Schwerer Gustav's gun was one of the most promising and greatest designs in military history. Just before the outbreak of the Second World War, while the industry military was developing and producing weapons, weapons and vehicles at an exceptional rate, the Gustav rail gun project was proposed. The largest and most powerful weapon ever created was designed in 1937.
Soon after its production, it was discovered that the weapon did not work as Hitler thought it would and, ultimately, the project would fail completely.
The Project Development
A few years before the start of Second World War, the German Army High Command requested a weapon that would be used in the invasion of France. More specifically, the weapon's purpose would be the destruction of the Maginot Line forts that the French were building at this time. The weapon was ordered in 1934 and it was certain from the beginning that due to its enormous mass it would have to be transported by rail.
Among other possible concepts, Hitler chose the project with the 80 cm calibers in 1937 and set 1940 as the project's desired completion date. But, the development faced many different problems. Considering that this weapon weighed 1,350 tons, the practical needs of the project were very demanding. However, the Krupps of Essen (their business was to develop the project) made a successful prototype in 1939 that managed to destroy the walls with the same structure as the French forts. After a year of final development, the last Gustav weapon made its introduction to the army in 1941.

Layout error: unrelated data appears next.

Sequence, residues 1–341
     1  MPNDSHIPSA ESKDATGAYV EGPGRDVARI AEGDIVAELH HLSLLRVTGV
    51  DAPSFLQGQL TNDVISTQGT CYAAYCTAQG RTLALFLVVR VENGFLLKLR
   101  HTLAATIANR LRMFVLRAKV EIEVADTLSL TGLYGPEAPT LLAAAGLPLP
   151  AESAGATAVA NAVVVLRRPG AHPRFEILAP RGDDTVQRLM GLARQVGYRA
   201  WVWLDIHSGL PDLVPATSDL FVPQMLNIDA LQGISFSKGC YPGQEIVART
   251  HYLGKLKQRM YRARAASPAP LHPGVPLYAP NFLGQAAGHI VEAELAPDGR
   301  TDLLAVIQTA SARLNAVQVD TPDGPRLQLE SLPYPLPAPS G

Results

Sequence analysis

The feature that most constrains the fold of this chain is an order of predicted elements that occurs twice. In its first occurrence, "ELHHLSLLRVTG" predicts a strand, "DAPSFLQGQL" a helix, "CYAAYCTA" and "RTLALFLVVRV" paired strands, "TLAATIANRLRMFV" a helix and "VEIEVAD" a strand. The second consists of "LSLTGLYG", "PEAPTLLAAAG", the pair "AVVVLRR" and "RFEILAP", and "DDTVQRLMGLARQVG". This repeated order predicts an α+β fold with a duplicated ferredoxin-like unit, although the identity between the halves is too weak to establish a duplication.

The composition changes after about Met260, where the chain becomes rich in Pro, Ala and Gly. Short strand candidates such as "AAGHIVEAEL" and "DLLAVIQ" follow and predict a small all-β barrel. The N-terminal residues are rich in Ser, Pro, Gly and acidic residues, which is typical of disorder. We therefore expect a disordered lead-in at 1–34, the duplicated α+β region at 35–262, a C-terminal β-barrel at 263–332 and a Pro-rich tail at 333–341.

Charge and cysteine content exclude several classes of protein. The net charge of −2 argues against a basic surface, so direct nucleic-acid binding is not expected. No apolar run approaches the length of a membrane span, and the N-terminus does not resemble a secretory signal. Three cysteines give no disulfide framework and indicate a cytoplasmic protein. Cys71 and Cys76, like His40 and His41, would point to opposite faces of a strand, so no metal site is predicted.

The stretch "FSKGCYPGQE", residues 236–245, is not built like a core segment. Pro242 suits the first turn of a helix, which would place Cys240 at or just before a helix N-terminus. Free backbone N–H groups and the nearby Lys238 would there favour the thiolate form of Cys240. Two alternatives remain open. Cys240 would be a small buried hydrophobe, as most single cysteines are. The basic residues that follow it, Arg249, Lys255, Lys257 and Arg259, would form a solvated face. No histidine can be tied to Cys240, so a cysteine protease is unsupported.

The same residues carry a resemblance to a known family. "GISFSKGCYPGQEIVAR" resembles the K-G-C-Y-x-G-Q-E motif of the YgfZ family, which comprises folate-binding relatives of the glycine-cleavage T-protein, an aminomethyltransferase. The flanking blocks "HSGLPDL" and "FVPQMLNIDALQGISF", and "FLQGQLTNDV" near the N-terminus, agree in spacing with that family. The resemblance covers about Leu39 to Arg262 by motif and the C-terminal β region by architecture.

The Nazis ordered two weapons in total, but according to Wikipedia, the Krupp company was only paid for the second one because the Krupp dynasty supported the Nazi regime. The second weapon cost almost US$ 24 million or 7 million Reichsmark. The Gustav had two different fire options: a concrete armor-piercing round and a lighter high-explosive round.
Why did the weapon fail
Theoretically, the huge weapon was successful as it could accomplish what it was built for. But in action, the first weapon was used only once in a real battle; In 1942, as part of the siege of Sevastopol, the weapon fired 47 rounds in June and helped in the destruction of the city. After that, the first weapon was transferred to Leningrad, but the planned attack was cancelled. The same situation also happened with the second weapon, as the Germans withdrew from Stalingrad before attacking it.
These two situations weren't just "bad luck for the gun". To transport it to such destinations, a large number of men were needed for its transport, making the entire operation of the weapon difficult. For example, in Sevastopol, it took 4,000 soldiers to get Gustav into firing position and also 500 to make him fire.
The train that powered the weapon had 25 cars and was almost a mile long! Due to its size, the weapon was coming into battle 'too late' and of course the overall operation and deployment of the weapon simply required a lot of hands on deck; was considered an inefficient use of time and manpower.